We have a golf driving range near us that had gone out of business. They have now turned it into a solar farm with acres of solar panels. I am guessing it is more profitable than the driving range business was and certainly is a sustainability initiative.
One of the interesting things about consistently reading and hearing content from quality sources is that you start to notice trends. It is amazing how often the same topics arise at the same time in different places. We use this blog as a way to help you stay on top of the major themes in procurement and supply chain management.
This week’s webinar notes are from a July 31st event hosted by ISM and presented by LexisNexis. The event is available on demand on ISM’s site. If you are interested in more on the topic, LexisNexis has made available a white paper and accompanying infographic titled “Leveraging Market Intelligence to Better Manage Supply Chain Risk.
The presenter, Eric Walsworth, LexisNexis’ Director of Supply Management, illustrated each of his points about risk management by drawing comparisons to the 2014 World Cup in Brazil. I won’t embarrass myself by trying to recreate any of that – if you’re interested in the soccer angle you’ll have to watch the webinar on demand.
Walsworth took a need – risk management - that is overwhelming for many procurement teams and broke it down into very clear phases and efforts. Although each of these elements is important to a supply risk management effort, they must all work together in order to be effective. Additionally, although the following seem to be a linear process, they must all be executed in parallel.
In Massachusetts there is a small supermarket chain known as Market Basket. They are currently in a dispute over the leadership. The employees are so loyal to the ex-CEO (Arthur T) that they have walked off the job at the warehouse, at the office and at the stores. The customers are also boycotting the stores. Without deliveries, the shelves are empty. This has been going on for several weeks. It is amazing that employees are giving up their livelihood and their paychecks for this executive. Clearly he is adored by the associates.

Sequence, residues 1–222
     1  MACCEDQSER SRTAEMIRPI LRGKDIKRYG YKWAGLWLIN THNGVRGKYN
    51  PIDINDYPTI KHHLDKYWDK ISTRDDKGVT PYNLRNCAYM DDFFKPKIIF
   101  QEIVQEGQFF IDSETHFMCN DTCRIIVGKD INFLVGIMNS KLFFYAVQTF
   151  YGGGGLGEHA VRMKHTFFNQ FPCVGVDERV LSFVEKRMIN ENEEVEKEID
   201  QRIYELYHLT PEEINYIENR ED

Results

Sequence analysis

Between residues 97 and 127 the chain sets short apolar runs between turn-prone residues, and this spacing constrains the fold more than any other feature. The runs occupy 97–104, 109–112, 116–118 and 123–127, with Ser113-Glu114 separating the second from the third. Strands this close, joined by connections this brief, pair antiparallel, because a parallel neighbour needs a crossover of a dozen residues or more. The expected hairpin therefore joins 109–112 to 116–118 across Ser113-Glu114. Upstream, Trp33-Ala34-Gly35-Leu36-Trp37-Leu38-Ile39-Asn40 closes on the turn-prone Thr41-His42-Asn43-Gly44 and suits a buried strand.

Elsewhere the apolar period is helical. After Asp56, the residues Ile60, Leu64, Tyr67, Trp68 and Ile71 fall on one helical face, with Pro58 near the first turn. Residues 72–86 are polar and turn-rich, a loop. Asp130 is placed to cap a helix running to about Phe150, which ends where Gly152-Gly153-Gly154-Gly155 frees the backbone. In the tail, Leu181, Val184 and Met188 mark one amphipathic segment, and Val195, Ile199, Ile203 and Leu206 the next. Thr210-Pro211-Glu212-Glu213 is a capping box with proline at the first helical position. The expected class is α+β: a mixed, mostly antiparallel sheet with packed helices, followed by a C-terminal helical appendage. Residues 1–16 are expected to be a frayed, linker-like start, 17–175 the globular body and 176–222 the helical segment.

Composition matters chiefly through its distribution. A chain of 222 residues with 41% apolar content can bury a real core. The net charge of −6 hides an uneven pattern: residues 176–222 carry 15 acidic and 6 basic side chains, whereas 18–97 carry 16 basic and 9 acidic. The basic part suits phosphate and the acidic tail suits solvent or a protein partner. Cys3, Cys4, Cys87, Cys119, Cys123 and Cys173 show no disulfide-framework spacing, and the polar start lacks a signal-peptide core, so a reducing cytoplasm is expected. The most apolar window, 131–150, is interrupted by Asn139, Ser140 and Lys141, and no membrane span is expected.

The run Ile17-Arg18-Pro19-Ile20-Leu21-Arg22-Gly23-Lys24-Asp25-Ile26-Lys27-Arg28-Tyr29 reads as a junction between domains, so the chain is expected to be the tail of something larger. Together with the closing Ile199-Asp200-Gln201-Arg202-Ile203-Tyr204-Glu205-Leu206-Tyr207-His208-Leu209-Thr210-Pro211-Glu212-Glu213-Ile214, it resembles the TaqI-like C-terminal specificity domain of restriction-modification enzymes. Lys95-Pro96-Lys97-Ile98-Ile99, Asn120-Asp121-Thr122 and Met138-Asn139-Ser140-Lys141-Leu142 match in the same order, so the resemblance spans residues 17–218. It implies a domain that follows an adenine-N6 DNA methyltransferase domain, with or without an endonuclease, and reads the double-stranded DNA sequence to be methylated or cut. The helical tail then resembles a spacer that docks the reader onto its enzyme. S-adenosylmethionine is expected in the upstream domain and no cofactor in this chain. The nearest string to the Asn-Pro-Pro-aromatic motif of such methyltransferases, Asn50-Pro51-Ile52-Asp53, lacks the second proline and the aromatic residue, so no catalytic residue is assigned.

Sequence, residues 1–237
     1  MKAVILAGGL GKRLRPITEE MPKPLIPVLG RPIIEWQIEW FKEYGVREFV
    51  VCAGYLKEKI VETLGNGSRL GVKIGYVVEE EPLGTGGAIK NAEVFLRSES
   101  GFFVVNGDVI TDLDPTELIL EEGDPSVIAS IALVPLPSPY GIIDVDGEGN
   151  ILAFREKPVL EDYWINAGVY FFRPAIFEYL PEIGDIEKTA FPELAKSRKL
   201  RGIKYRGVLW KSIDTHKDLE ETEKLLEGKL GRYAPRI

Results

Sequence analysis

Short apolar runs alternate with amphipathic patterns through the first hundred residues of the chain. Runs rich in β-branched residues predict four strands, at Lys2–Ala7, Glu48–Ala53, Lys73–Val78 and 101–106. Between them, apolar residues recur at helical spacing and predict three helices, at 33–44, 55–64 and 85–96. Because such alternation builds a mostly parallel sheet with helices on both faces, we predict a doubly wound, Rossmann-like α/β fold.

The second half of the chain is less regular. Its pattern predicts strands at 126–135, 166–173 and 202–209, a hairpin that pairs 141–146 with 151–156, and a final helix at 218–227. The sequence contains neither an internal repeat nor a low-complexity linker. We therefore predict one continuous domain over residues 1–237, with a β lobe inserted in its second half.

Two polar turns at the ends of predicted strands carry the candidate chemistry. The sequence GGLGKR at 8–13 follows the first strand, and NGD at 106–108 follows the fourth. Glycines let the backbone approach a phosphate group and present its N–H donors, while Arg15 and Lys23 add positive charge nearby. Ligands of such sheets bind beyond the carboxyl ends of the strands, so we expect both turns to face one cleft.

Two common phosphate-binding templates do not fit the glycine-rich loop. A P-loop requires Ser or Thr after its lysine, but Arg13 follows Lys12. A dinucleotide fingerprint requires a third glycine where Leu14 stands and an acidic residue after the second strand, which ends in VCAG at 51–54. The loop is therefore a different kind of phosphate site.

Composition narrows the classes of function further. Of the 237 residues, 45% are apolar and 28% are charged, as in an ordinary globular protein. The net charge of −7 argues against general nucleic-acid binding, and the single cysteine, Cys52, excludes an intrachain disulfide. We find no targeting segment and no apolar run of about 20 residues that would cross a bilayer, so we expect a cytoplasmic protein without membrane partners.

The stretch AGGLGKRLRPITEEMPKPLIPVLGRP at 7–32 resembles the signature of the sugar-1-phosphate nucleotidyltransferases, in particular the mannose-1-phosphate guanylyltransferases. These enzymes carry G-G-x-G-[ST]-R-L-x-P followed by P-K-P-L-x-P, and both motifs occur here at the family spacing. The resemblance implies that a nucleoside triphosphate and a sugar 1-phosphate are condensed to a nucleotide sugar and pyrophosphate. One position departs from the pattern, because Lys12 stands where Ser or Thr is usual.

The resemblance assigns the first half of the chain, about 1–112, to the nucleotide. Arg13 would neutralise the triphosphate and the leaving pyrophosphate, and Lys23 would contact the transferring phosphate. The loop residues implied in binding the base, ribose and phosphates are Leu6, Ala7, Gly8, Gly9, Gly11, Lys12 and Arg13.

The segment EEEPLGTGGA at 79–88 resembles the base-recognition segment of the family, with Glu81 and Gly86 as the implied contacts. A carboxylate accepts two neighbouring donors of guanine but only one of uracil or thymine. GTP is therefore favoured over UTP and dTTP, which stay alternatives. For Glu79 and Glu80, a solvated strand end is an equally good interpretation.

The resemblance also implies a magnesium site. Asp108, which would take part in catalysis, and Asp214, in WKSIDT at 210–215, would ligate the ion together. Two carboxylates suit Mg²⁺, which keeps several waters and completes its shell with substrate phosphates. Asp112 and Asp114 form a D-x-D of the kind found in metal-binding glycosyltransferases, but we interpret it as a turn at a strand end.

This week’s webinar notes are from a July 25th webinar hosted by the Next Level Purchasing Association and presented by Santosh Nair, GEP’s Vice President of Client Services and Innovation. Although the on demand version is only available to NLPA premium members, you can read what they had to say about SMART by GEP in this recent blog post.
Despite the changes being seen in the consumer technology marketplace, enterprise solutions have been slow to take advantage of the growing availability of mobile technology. As demand increases for Smartphone and tablet solution accessibility, enterprise solutions in general, and procurement solutions in specific, will need to change at a rate faster than they have in the past.
The entire professional community, procurement included, is bracing for the impact of the Millennial generation. Managers and executives want to position their company or department as a team that will appeal to the brightest, best upcoming achievers. ISM and ThomasNet recently joined forces specifically for the purpose of gathering nominations for their ’30 Under 30’ Supply Chain Rising Stars program. Corporate leadership teams are concerned about being flexible enough, mobile enough, and ‘sexy’ enough to compete for young talent. Professional associations are scrambling to make sure they demonstrate their relevance on an ongoing basis.
When new software is being implemented, so much of the focus is negotiating the price of the software itself. There are many components to an implementation and associated costs. One that is often overlooked is training. How will your organization get trained on this new process and technology? Will you hire someone to train? How much will that cost and how will it be handled ongoing?
This is (probably) the last in what became an impromptu three-part series on The Point about the value of storytelling for procurement. Part 1 considered applications of the idea in general. In part 2, Dr. Tom DePaoli provided a real world example and some further guidance. The post that started it all, on Executive Presence by Chip Scholz, can be found here.
Do you save coins in a jar? Over time, the jar can become full to overflowing. It won’t necessarily lead to early retirement but it can make a difference. Sometimes we have then cashed it in for something special which would not have been done otherwise. A little here and there, without using up much time, can add value to your bottom line.